Sailing through the eye of the storm

Sailing through the eye of the storm

Wallace Mercer was one of Scotland’s most outspoken entrepreneurs figures. But his premature death forced Iain his son, then in his late 20s, into the frontline, as Kenny Kemp reports.

On the Richter scale of business, the death of a charismatic boss is a seismic event. When such a leader dies prematurely, succession planning is thrown out the window, disaster recovery kicks in and it becomes a battle for survival.

Iain Mercer, at 33, is now a battle-hardened property investor. His father was Wallace Mercer, the colourful and controversial property tycoon who was once loved and loathed in equal measure by Edinburgh football fans.

Wallace was the audacious visionary who put a substantial chunk of his personal fortune into Heart of Midlothian Football Club – and later earned brickbats for suggesting Hibernian, their sworn rivals, should share a football stadium.

While it was more than enough that his death was a personal family tragedy, it was also a baptism of fire for Iain, picking up the pieces as the biggest recession in 80 years kicked in.

“It’s been a tumultuous last five years, both corporately and personally,” says the slim and bespectacled Mercer, sitting in his converted mews office in Edinburgh’s West End.

“There isn’t a day that goes by without wondering what my dad might think or do,” he says, reflecting on his father’s life. “Or what his advice would be. He was the biggest influence on my life.

He survived at least two proper recessions and when the last one came around in the mid-1990s I was at an age where I could understand the impact and implications, both economically and for the family.” Wallace Mercer was running Dunedin Property which he built up from nothing to a turnover of £150m, before his asset base collapsed. In the mid-1990s, after selling out to Hearts, he went to live in France before returning to set up Almondale Investments with Cosmopolitan set up from the sale of the shares from the football club.

“In those days it was good going to build up such a portfolio from nothing,” says Iain Mercer.

“Then it went into reverse and he had to dismantle it all. At that time, my father said it was one of the hardest things that he ever had to do.” But Mercer senior survived and was rebuilding his business. Mercer junior’s childhood memories involve being with his father on building sites and looking at property.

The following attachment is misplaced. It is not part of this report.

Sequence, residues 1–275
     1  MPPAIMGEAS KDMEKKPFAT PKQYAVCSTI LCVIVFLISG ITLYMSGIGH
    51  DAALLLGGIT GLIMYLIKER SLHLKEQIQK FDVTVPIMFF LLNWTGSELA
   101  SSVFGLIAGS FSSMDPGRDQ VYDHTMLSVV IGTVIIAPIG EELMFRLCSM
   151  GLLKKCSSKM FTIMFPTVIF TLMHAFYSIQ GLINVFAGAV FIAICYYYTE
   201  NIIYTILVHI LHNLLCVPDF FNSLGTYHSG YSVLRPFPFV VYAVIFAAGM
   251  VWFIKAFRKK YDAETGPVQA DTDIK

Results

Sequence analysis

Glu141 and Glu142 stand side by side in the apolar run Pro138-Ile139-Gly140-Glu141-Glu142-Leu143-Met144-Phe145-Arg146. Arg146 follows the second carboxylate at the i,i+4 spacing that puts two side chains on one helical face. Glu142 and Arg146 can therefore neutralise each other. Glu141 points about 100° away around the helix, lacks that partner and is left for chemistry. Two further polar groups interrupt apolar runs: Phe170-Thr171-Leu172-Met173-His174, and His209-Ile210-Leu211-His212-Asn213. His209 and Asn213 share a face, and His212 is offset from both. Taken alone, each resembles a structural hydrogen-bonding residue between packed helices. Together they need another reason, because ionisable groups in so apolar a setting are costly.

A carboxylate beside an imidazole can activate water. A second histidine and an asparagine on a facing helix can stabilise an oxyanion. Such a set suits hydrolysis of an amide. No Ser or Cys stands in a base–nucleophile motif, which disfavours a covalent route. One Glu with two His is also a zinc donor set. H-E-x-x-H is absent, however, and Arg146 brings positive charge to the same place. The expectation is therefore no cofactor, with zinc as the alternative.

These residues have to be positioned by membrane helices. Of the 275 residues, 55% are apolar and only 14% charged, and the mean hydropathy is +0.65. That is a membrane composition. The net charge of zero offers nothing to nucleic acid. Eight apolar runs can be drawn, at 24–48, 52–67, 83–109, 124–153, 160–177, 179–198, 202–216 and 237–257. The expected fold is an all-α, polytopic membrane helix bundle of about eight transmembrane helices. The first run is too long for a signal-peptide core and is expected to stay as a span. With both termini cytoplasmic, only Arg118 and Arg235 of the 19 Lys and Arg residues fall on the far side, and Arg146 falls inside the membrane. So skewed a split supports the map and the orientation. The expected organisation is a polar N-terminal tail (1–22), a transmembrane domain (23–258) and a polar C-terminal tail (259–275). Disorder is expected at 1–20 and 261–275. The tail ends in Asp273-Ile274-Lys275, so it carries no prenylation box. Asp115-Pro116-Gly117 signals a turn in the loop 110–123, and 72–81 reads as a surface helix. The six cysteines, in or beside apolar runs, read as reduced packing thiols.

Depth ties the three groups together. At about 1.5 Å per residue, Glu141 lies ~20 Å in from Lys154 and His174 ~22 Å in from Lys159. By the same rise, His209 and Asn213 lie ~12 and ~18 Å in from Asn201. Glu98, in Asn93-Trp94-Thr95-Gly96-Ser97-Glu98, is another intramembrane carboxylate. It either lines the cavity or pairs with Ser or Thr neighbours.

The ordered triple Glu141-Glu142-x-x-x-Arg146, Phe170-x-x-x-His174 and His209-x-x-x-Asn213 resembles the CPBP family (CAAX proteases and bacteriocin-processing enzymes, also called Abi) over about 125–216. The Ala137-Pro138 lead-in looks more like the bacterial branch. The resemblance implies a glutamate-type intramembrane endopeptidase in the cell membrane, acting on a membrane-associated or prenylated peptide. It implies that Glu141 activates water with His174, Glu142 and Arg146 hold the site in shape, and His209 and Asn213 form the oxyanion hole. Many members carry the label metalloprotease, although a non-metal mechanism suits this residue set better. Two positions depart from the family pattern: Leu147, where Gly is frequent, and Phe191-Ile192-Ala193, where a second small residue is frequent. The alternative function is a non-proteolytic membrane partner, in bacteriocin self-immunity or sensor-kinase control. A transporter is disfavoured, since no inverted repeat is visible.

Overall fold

“I always had an interest in property and what he was doing,” he says. “We used to spend Sundays driving around building sites, seeing contractors and finding out what was going on.

“In his latter days, when we were redeveloping the Hearts football stadium at Tynecastle, I worked for six weeks during the summer as a labourer on the building site, digging the foundation pits for the new stands. This gave me a basic understanding of how these buildings are put together. I gained a working knowledge and that has stood me in good stead.” But a career in commercial property was not Iain Mercer’s goal. He set out to become a sports broadcast journalist, although he undertook a business degree at university.

“I wasn’t an academic by any stretch of the imagination but my real drive was to get into broadcasting,” he says. He worked at the BBC in London and Radio Five for a stint, before working for Radio Forth where he spent two years in front of the microphone. Then came that awful dilemma that only those in family business can properly appreciate – do they continue to climb the ladder in their chosen career or do they join the family business, with all that entails working with father, mothers and siblings? Iain Mercer was in his early twenties.

“I achieved what I set out to do in radio and broadcasting and saw its limitation for me in Scotland,” he says. “Do I move to London or take on a new challenge in the family business?” He decided to start work with Wallace Mercer and his mother Anne, who has worked as the group finance director in the business for 30 years. The deal was to give it a go for a year and see how it worked.

He says: “In the end we stuck with it and that’s when we began to build up and develop Cosmopolitan Investments, which is now the active part development vehicle of the group.” Iain Mercer’s life was jolted in 2006 when Mercer senior died of liver cancer.